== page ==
‘Enough is enough’: Pharmacists in Melbourne and regional Victoria complain of not being prioritised as essential workers and having their COVID-19 test results delayed
Pharmacy staff have had “very mixed experiences” when presenting for COVID-19 testing and requesting to be prioritised as an essential worker, says Pharmacy Guild Victorian branch president Anthony Tassone.
This has been happening since the start of the pandemic, in both regional Victoria and metropolitan Melbourne, Mr Tassone told AJP.
“Despite having a letter from their employer and other suitable documentation, for example an AHPRA registration card for pharmacists, there have been countless examples fed back to the Guild of pharmacy staff not being treated as an essential worker and having their test results prioritised,” he said. “It has happened for my own staff.”
In some instances, staff in regional Victoria including Seymour and Echuca have had to wait almost a week for results.
“With the rural pharmacy workforce already stretched and facing existing challenges, the last thing needed is preventable delays in processing of test results to assess whether staff must be isolated for a longer period or can return to work once symptom free,” argued Mr Tassone.
The Victorian Department of Health and Human Services told AJP that pharmacists should be receiving priority testing under the current regime.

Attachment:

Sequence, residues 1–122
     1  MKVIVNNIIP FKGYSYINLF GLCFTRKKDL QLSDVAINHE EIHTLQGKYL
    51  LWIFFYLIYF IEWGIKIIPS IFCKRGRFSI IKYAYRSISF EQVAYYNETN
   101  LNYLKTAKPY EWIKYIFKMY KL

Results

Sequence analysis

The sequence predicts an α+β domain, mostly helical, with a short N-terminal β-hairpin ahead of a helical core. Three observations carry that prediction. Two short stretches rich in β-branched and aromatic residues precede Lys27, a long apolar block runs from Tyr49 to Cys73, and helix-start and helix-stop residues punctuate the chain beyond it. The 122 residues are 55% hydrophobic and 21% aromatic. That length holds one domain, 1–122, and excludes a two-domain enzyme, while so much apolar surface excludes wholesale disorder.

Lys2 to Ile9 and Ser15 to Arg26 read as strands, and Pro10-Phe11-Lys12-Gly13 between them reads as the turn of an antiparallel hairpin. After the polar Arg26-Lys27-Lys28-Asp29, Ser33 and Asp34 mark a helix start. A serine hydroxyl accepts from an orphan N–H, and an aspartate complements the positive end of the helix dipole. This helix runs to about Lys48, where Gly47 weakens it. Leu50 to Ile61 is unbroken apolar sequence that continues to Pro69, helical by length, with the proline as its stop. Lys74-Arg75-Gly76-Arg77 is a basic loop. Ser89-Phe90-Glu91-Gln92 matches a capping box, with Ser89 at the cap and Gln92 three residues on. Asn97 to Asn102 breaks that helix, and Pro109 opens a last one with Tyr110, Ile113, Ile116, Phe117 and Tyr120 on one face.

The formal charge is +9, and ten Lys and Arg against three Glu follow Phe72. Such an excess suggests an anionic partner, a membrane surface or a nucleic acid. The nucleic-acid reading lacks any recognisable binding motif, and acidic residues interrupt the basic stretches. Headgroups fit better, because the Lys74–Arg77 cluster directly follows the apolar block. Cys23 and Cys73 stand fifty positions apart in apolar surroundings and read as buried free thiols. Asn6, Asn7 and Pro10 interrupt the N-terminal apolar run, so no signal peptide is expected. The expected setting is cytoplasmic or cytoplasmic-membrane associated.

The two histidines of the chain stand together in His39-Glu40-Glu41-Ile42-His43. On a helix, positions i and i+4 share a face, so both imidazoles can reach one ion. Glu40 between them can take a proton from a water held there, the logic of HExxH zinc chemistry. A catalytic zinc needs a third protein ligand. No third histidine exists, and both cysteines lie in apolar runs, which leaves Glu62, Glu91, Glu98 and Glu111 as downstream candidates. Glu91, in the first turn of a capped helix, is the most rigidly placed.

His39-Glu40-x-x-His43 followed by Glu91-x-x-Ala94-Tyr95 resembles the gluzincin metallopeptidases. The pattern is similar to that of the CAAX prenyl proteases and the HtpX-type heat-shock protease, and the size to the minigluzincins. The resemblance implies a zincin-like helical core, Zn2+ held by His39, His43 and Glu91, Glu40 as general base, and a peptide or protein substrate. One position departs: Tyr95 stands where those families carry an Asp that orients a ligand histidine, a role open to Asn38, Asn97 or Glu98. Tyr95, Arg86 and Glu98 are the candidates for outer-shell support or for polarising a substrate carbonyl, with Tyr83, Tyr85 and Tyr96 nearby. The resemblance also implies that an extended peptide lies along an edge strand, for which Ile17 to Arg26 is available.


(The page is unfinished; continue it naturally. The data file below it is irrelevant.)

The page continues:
“The Department is prioritising testing for all healthcare workers including pharmacists and their staff to reduce wait times as much as possible, so they can continue helping the community during this pandemic,” a DHHS spokesperson said.
“We’re aware of some cases where there has been some confusion from staff at testing sites and we’re working closely with them to ensure that all pharmacists and their staff receive priority testing.”
Priority testing is meant to be available for all healthcare and aged care workers and people linked to known outbreaks throughout the pandemic, the spokesperson confirmed.
“Lab turnaround times are currently averaging around two to three days but there may be cases where this is longer. Positive results and results of essential workers are prioritised and generally communicated to the patient within 24 hours. We’re working hard to speed up the communication of negative results,” they said.
Anyone with even the mildest of symptoms is urged to get tested.
Mr Tassone said the Pharmacy Guild understands the extreme pressures that the Victorian government and DHHS is currently experiencing in tackling the pandemic.
However he added: “Really, enough is enough when it comes to ending the confusion at a testing site. There would be no question of a doctor or nurse as an essential worker, and it must be the same for community pharmacy staff.
“The Guild has received repeated assurances from the office of the Victorian Minister for Health that community pharmacy are a priority and that the Department will advise the testing sites according. This pandemic has been with us for almost six months – which is ample time to have this sorted out,” said Mr Tassone.
“Pharmacy is an essential service trading through the Stage 4 lockdowns to continue vital and critical medical service delivery for the Victorian public. It only makes logical sense that the very people making this happen are considered essential workers.”